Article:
With a tentative agreement in place following a marathon bargaining session and three days of striking, Denver educators returned to their classrooms today. The teacher strike makes Denver the latest city to see educators hitting the picket line as a wave of similar strikes have popped up across the country ending with varying results. Here are a few key numbers and things to know about what went down in Denver:
The teacher strike saw over 2,000 educators, more than half of the district’s 4,725 teachers out of the classroom for the duration of the three-day strike.
As the largest school district in Colorado, around 91,000 students were affected by the teachers strike as the district scrambled to send support staff and hire additional substitute teachers.
Of those 91,000 or so students, about one in four missed instructional time during the strike, although according to Chalkbeat, this number does not account for students who left midday:
In some cases, high school students walked out to show solidarity with their teachers, while in others parents picked up their children after growing concerned about conditions inside poorly staffed schools.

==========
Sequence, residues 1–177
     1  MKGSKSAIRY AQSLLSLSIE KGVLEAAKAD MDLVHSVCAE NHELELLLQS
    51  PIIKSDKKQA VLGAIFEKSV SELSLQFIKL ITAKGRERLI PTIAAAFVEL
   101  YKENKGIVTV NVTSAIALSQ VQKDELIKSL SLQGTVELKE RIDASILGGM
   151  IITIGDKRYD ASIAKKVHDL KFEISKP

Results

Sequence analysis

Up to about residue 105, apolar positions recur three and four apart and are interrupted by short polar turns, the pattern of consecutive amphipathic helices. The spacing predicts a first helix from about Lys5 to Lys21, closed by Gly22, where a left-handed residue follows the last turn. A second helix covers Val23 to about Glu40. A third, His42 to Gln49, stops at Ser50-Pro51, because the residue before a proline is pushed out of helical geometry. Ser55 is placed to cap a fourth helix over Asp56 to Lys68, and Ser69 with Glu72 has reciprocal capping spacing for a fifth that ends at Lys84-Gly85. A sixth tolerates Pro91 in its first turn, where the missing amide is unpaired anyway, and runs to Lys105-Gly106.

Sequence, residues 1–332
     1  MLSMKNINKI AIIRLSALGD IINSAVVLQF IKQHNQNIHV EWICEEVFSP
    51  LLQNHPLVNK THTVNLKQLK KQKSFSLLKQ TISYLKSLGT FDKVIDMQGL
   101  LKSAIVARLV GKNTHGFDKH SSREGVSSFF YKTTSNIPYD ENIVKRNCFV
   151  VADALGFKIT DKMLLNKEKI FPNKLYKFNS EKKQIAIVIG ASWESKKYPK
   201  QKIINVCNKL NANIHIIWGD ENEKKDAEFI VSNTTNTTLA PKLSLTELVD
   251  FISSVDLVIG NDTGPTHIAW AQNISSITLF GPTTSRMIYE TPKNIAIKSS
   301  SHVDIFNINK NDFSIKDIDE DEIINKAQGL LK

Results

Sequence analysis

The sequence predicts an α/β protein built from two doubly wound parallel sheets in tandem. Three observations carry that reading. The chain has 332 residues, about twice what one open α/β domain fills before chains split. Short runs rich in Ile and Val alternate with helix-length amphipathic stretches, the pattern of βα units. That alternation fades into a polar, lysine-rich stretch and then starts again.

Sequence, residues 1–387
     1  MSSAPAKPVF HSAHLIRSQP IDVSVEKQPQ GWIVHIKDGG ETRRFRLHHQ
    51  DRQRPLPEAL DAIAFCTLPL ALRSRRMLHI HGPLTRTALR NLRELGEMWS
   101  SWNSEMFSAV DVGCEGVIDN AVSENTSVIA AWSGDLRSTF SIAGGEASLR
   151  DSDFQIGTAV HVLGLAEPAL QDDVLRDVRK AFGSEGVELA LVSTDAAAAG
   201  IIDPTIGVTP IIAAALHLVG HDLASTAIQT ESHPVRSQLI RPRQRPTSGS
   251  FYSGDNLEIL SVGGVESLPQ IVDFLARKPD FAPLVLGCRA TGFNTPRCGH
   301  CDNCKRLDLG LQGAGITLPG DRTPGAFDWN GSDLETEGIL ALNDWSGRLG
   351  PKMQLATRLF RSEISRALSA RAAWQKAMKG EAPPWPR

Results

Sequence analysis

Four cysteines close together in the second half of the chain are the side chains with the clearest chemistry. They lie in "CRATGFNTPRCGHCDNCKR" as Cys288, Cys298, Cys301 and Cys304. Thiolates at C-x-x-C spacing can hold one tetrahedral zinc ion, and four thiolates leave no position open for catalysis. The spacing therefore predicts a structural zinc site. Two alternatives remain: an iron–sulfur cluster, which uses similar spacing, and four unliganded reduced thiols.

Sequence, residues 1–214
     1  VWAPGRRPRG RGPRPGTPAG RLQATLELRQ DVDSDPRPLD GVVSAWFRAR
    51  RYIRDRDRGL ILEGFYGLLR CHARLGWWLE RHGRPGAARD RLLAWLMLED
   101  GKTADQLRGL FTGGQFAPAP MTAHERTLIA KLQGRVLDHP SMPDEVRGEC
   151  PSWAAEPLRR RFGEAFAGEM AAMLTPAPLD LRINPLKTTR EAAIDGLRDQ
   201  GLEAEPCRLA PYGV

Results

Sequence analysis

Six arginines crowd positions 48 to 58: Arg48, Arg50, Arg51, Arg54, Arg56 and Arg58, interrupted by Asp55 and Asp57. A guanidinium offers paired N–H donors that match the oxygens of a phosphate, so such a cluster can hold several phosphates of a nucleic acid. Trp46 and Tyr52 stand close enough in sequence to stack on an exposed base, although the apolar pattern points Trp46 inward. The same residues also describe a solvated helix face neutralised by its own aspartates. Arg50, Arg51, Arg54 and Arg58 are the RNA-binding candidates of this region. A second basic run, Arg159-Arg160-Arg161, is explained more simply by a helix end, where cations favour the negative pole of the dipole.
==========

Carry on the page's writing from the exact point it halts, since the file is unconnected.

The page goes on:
The Tentative agreement between Denver Public Schools and the Denver Classroom Teachers Association, includes an increase of $23 million to teacher salaries, meaning most would see between 7% and 11% increases to their base salaries.
To pay for that $23 million, the district says some of the money will come from cutting about 150 jobs in the district’s central office and eliminating bonuses for those staffers.
With the increase to teacher salaries being an obvious win for the striking educators and their union, the inclusion of a $3,000 incentive for teachers who stay in high priority schools is considered a victory for the district. Both sides agreed to study what causes teacher turnover in those schools and “revisit the issue later.”
On the heels of a teacher strike in Los Angeles that saw student attendance at 60 percent below normal levels and cost L.A. Unified school district $151 million, the Denver teacher strike showed there is no end in sight to the wave of national strikes, stemming back to the ‘#RedForEd’ campaign and teacher strikes in West Virginia, Oklahoma, Arizona, Kentucky, and North Carolina. Up next could be Oakland, as the teacher’s union there recently voted to authorize a strike. Barring a last-minute deal with the district, that strike could begin as early as next week.